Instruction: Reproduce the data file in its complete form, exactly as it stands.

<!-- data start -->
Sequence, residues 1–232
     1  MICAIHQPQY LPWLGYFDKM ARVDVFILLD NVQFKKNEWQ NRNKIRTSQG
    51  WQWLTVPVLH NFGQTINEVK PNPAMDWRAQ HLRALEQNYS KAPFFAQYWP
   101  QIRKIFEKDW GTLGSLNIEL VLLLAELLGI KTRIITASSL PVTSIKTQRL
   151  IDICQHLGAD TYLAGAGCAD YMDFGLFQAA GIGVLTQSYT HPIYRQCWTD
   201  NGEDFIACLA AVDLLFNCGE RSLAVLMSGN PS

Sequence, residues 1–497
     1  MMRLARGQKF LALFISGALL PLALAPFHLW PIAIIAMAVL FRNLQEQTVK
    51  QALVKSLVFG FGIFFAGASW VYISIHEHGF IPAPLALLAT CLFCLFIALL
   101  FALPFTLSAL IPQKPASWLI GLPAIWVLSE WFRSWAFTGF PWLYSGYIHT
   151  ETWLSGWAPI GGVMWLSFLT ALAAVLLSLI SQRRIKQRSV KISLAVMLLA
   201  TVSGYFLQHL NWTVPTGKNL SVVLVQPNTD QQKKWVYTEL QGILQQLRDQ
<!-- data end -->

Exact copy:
Sequence, residues 1–232
     1  MICAIHQPQY LPWLGYFDKM ARVDVFILLD NVQFKKNEWQ NRNKIRTSQG
    51  WQWLTVPVLH NFGQTINEVK PNPAMDWRAQ HLRALEQNYS KAPFFAQYWP
   101  QIRKIFEKDW GTLGSLNIEL VLLLAELLGI KTRIITASSL PVTSIKTQRL
   151  IDICQHLGAD TYLAGAGCAD YMDFGLFQAA GIGVLTQSYT HPIYRQCWTD
   201  NGEDFIACLA AVDLLFNCGE RSLAVLMSGN PS

Sequence, residues 1–497
     1  MMRLARGQKF LALFISGALL PLALAPFHLW PIAIIAMAVL FRNLQEQTVK
    51  QALVKSLVFG FGIFFAGASW VYISIHEHGF IPAPLALLAT CLFCLFIALL
   101  FALPFTLSAL IPQKPASWLI GLPAIWVLSE WFRSWAFTGF PWLYSGYIHT
   151  ETWLSGWAPI GGVMWLSFLT ALAAVLLSLI SQRRIKQRSV KISLAVMLLA
   201  TVSGYFLQHL NWTVPTGKNL SVVLVQPNTD QQKKWVYTEL QGILQQLRDQ